Technically Speaking: Bulls Run As Liquidity Floods Market

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Bulls Liquidity Market, #Technically Speaking: Bulls Run As Liquidity Floods Market

Not surprisingly, the most prominent players in buybacks are the ones that need to subsidize their earnings the most to beat estimates; technology and financials.

(Click on image to enlarge)

Bulls Liquidity Market, #Technically Speaking: Bulls Run As Liquidity Floods Market


Net Purchases

While share buybacks primarily are for the benefit of corporate insiders “cashing out,” it does have the effect of supporting asset prices as well. As I discussed in 2019, when stocks were hitting records amid record share repurchases:

“What is clear, is that the misuse, and abuse, of share buybacks to manipulate earnings and reward insiders has become problematic. As John Authers recently pointed out:

‘For much of the last decade, companies buying their own shares have accounted for all net purchases. The total amount of stock bought back by companies since the 2008 crisis even exceeds the Federal Reserve’s spending on buying bonds over the same period as part of quantitative easing. Both pushed up asset prices.’

In other words, between the Federal Reserve injecting a massive amount of liquidity into the financial markets, and corporations buying back their own shares, there have been effectively no other real buyers in the market.”

Bulls Liquidity Market, #Technically Speaking: Bulls Run As Liquidity Floods Market

I bring this up for two reasons:

  1. The buybacks ARE SUPPORTIVE of asset prices in the short-term; and,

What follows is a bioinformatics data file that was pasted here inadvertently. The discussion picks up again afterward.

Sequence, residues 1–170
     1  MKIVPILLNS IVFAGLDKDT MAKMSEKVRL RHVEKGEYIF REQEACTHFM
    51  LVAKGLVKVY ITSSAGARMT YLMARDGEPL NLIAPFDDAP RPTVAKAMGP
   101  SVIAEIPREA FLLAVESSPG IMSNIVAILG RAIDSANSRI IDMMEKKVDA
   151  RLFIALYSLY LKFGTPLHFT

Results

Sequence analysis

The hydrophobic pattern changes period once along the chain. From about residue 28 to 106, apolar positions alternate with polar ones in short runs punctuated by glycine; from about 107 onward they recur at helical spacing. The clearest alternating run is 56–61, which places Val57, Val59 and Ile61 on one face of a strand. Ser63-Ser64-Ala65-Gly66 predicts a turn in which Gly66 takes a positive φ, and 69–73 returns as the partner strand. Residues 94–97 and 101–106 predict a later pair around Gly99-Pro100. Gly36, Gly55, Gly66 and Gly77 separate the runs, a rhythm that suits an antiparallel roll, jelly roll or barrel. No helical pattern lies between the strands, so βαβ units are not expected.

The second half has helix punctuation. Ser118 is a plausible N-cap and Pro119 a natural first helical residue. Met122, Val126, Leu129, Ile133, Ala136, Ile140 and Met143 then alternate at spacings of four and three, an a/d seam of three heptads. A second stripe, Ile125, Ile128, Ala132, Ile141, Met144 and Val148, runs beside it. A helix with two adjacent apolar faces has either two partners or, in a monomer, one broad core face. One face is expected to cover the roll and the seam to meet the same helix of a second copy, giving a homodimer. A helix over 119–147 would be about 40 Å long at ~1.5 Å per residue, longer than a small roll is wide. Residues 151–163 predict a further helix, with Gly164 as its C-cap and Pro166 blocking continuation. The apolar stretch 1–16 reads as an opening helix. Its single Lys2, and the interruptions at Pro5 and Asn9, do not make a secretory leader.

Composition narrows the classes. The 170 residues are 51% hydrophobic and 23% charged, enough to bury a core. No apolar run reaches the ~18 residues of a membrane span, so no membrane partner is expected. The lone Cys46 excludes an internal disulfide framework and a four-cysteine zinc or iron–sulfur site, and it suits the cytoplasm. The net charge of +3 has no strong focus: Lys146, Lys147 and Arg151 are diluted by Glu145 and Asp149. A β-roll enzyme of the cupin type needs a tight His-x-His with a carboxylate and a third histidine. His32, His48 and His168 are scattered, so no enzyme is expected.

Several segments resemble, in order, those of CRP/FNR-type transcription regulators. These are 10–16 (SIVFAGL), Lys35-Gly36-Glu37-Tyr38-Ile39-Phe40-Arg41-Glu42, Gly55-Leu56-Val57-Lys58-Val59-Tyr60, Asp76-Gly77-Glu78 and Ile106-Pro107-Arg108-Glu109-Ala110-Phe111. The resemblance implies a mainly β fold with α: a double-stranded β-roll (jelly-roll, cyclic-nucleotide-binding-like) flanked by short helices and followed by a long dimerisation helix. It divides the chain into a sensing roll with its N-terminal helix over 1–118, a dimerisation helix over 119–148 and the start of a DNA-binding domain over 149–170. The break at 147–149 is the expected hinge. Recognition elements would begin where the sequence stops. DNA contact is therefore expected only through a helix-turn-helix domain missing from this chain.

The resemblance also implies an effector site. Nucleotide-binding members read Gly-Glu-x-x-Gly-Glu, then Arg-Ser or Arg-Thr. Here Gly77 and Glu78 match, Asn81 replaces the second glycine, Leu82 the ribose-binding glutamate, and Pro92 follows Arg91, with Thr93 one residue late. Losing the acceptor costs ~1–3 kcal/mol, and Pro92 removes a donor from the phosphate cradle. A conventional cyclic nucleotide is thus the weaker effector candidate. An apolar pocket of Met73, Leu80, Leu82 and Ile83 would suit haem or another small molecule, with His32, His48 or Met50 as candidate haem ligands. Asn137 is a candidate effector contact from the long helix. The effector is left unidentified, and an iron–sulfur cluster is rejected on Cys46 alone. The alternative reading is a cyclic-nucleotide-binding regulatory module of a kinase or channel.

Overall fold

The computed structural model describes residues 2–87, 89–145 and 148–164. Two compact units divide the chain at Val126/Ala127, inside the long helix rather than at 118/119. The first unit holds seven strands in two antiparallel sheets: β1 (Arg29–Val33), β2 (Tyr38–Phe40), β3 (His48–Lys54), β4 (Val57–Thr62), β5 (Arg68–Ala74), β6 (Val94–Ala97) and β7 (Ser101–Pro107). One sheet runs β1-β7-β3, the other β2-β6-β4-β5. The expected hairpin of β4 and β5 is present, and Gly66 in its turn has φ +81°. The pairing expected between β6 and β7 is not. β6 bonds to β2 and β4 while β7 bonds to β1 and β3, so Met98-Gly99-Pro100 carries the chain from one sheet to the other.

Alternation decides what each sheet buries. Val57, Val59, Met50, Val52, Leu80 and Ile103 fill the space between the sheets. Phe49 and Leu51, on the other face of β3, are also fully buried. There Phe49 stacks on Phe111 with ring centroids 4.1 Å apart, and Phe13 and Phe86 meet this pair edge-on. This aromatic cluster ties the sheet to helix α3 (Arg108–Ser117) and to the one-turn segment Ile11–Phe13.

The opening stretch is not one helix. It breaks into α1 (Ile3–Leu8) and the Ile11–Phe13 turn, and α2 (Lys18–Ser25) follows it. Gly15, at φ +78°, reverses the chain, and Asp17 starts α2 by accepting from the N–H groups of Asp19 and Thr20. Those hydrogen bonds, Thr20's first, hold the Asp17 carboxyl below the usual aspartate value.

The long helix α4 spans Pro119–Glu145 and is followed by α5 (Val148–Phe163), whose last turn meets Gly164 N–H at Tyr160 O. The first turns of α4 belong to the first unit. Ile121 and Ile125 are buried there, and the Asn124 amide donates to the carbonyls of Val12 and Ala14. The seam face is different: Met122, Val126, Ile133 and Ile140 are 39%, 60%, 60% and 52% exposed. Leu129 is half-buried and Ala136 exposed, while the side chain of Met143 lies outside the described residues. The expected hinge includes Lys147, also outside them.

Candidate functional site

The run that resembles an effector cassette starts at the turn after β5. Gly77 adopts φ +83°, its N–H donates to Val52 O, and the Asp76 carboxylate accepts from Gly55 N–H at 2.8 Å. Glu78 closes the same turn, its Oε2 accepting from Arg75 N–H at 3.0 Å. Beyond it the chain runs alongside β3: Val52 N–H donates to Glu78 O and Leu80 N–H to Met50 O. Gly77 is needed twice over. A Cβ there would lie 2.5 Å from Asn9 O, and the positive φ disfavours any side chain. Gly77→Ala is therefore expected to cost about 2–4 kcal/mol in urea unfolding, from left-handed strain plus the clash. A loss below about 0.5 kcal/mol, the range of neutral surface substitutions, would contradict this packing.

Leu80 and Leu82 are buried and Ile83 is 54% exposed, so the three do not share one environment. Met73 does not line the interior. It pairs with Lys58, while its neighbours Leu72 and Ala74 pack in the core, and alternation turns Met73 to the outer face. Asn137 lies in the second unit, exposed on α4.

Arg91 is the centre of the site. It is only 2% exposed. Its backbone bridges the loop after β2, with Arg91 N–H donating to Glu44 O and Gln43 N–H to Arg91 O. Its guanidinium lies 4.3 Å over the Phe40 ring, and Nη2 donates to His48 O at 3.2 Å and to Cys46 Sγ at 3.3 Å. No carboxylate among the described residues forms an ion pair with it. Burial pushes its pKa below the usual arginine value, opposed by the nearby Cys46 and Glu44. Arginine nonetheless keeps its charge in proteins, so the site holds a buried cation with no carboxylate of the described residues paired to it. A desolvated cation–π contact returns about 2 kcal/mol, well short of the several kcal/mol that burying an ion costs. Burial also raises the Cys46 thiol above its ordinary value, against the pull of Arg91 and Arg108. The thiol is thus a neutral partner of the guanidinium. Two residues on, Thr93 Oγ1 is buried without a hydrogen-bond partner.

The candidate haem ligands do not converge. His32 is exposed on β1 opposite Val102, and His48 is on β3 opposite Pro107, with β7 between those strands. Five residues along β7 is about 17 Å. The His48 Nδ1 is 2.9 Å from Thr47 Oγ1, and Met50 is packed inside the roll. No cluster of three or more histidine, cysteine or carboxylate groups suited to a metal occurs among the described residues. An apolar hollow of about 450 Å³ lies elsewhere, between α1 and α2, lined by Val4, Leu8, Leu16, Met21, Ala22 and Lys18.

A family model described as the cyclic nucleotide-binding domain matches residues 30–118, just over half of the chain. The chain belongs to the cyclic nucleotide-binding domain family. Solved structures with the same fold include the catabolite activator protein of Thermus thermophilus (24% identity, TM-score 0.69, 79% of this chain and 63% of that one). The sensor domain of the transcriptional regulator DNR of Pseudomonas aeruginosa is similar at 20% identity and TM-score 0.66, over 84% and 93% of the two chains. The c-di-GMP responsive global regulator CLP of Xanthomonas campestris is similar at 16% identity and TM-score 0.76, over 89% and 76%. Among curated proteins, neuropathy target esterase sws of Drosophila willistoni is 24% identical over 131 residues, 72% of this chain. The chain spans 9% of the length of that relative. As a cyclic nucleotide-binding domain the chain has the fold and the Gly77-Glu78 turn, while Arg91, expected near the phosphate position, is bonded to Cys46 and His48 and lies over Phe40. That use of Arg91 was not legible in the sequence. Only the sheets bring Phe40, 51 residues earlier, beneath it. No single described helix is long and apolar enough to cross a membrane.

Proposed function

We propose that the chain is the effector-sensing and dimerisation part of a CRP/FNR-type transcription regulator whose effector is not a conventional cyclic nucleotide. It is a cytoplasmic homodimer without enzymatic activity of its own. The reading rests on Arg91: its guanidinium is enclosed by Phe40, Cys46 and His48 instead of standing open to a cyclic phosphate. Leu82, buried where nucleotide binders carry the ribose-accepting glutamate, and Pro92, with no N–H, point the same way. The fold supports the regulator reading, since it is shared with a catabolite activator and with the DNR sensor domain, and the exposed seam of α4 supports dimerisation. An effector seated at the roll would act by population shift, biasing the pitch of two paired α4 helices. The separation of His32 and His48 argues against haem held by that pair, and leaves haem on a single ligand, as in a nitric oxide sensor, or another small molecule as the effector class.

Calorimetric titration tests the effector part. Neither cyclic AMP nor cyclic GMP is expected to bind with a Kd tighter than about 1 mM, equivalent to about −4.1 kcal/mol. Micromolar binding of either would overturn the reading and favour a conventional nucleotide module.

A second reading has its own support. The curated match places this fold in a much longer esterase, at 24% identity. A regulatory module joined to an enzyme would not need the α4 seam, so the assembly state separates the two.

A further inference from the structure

2. We just had to “bailout” these companies because they couldn’t weather an economic downturn as they have spent years piling into debt and buying back shares.

While Janet Yellen is okay with the buybacks, as she thinks the banks are healthier now, why doesn’t anyone ask the question:

“If banks are so healthy, why do they need a constant monetary stimulus to remain in business and a bailout every time the economy declines?”

It doesn’t sound very healthy to me. But for now, there is only one headline that matters:

Bulls Liquidity Market, #Technically Speaking: Bulls Run As Liquidity Floods Market


The Risk Of “No Risk”

The problem of assuming there is “no risk” is that it leads to “investor complacency.”  As discussed in “Willful Blindness:”

“Willful blindness, also known as willful ignorance or contrived ignorance, is a term used in law. Being ‘willfully blind’ describes a situation where a person seeks to avoid civil or criminal liability for a wrongful act by keeping themselves unaware of the facts that would render them liable or implicated. 

The phrase ‘willful blindness’ also means any situation in which people avoid facts to absolve themselves of their liability. 

‘Investors regularly dismiss the ‘facts’ which run contrary to their current opinion. In behavioral investing terms this is ‘confirmation bias.’ 

As markets rise, investors take on exceedingly more risk with the full knowledge that such actions will have a negative consequence. However, that ‘negative consequence’ is dismissed by the ‘fear of missing out,’ or rather F.O.M.O.

As ‘greed’ overtakes ‘fear,’ investors become emboldened as rising markets reinforce their convictions. When the negative consequence occurs, instead of taking responsibility, they blame the media, Wall Street, or their advisor.”

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Carl Schwartz 1 month ago Member's comment

Yup!! Bull's run for exit is next!!